Led popularization of ophthalmology treatment by establishing and operating the Kong Ophthalmology Clinic
Dedicated to rehabilitation movement for visually disabled persons using occupational training such as typing, etc.
Contribution to Hangeul computerization by supporting the development of Hangeul fonts for computers and word processors
Dr. Byung Woo Kong
Director of former Hangeul (Korean alphabet) Cultural Center and former Kong Ophthalmology Clinic
- Academic background
Graduated from Pyeongyang Medical College and passed the examination as medical practitioner held Japanese occupation Governor General of Korea
Research assistant at Kyungsung Medical College and Medical College of Keijo Imperial University (precursor of Seoul National University)
Ph.D. degree in medical science from Nagoya Imperial University of Japan (specialization in ophthalmology)
- Professional career
Establishment and operation of Kong Ophthalmology Clinic
Invention of three-paired format speed Korean typewriter
Development of domestically manufactured contact lens
Establishment and operation of rehabilitation center for the blind
Domestic production of Korean typewriter
Development of Korean-English bilingual typewriter
Development of direct-connection type Hangeul font (for Macintosh)
Establishment of Hangeul Cultural Center
- Awards received
Citation by the President of Korea
Award by Minister of Culture and Public Information
Oesol Cultural Award
Geumgwan Order of Culture Merit of Republic of Korea (posthumous)
Dr. Byung Woo Kong was a Hangeul activist and inventor who pioneered market for the mechanization of the Korean alphabet by leading commercialization of Korean typewriter and, in the era of computer, had profound influence on the computerization of Hangeul. He contributed to the development of Hangeul font and word processor programs. In addition, he is the first Ph.D. degree holder in ophthalmology in Korea and the founder of Kong Ophthalmology Clinic, the first private ophthalmology hospital in Korea, where he pioneered ophthalmology in Korea, thus popularizing ophthalmology treatment. He dedicated his life to the rehabilitation movement for visually disabled persons.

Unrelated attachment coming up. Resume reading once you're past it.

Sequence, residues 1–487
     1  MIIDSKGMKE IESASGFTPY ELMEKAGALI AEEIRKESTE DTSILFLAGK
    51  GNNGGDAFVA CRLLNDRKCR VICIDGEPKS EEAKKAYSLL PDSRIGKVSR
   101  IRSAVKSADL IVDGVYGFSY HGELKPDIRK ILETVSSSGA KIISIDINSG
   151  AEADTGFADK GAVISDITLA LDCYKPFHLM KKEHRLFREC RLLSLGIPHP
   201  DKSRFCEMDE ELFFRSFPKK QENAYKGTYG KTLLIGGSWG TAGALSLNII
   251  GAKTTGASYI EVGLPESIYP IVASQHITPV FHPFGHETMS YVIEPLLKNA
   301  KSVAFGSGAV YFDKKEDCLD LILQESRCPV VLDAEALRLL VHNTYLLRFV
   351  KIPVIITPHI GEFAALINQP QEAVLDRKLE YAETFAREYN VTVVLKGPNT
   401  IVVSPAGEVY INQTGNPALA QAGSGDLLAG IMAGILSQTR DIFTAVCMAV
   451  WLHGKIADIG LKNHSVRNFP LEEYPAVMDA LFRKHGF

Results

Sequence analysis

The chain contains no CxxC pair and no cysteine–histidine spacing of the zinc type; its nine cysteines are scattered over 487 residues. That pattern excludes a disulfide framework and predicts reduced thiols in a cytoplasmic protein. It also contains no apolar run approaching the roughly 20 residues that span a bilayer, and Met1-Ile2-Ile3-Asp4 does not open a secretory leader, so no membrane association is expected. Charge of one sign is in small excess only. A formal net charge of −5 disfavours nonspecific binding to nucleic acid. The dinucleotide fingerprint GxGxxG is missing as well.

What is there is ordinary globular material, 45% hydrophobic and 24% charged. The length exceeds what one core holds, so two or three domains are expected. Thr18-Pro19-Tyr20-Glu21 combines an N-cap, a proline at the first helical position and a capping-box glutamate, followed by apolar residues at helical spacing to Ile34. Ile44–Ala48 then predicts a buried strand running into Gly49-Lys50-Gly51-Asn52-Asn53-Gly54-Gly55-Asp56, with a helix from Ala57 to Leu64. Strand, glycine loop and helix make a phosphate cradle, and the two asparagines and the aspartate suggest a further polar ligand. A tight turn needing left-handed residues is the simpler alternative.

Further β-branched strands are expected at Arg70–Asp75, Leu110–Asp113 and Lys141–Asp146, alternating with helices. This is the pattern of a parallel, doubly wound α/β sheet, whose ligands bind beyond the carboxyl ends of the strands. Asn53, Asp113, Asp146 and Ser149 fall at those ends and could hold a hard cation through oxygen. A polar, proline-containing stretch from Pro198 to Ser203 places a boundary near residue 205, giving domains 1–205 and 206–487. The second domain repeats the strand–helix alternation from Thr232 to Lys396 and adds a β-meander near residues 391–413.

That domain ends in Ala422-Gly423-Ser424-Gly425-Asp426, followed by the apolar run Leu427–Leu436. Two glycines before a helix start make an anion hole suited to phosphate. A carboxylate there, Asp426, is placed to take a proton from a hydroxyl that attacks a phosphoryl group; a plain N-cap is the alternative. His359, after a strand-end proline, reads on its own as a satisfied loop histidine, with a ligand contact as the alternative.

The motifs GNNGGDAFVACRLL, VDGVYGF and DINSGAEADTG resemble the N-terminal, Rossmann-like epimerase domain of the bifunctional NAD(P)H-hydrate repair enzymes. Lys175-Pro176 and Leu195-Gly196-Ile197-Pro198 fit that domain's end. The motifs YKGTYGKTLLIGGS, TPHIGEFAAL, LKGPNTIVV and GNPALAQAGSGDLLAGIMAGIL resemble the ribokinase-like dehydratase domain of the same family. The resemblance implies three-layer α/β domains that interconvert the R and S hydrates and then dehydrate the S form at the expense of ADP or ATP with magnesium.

Byung Woo Kong was born as the second child, and the oldest son, of 8 children of Jeong Gyu Kong and Taek Gyu Kim in Byeokdong-gu, Pyeonganbuk-do (now North Korea) on January 24, 1907. After having initially receiving a traditional Korean education at home, he was enrolled into a modern public school at the age of 13. He graduated from Euiju Agriculture and Forestry School in 1922 and then enrolled in the newly established Pyeongyang Medical College in 1924. Upon graduation in 1926, he passed the examination for medical practitioner held Japanese Occupation’s Governor General and acquired a doctor’s license at the age of 19 years. This remarkable achievement drew the attention of the entire country. Byung Woo Kong, in order to further his knowledge in medical science, worked and concentrated on experiments at Kyungsung Medical College and at the Medical College of Keijo Imperial University as a research assistant after 1930. The thesis he wrote based on the results of his research was submitted to Nagoya Imperial University of Japan in 1936 where he then received a Ph.D. degree in medicine. He was the first Korean to acquire Ph.D. degree in ophthalmology.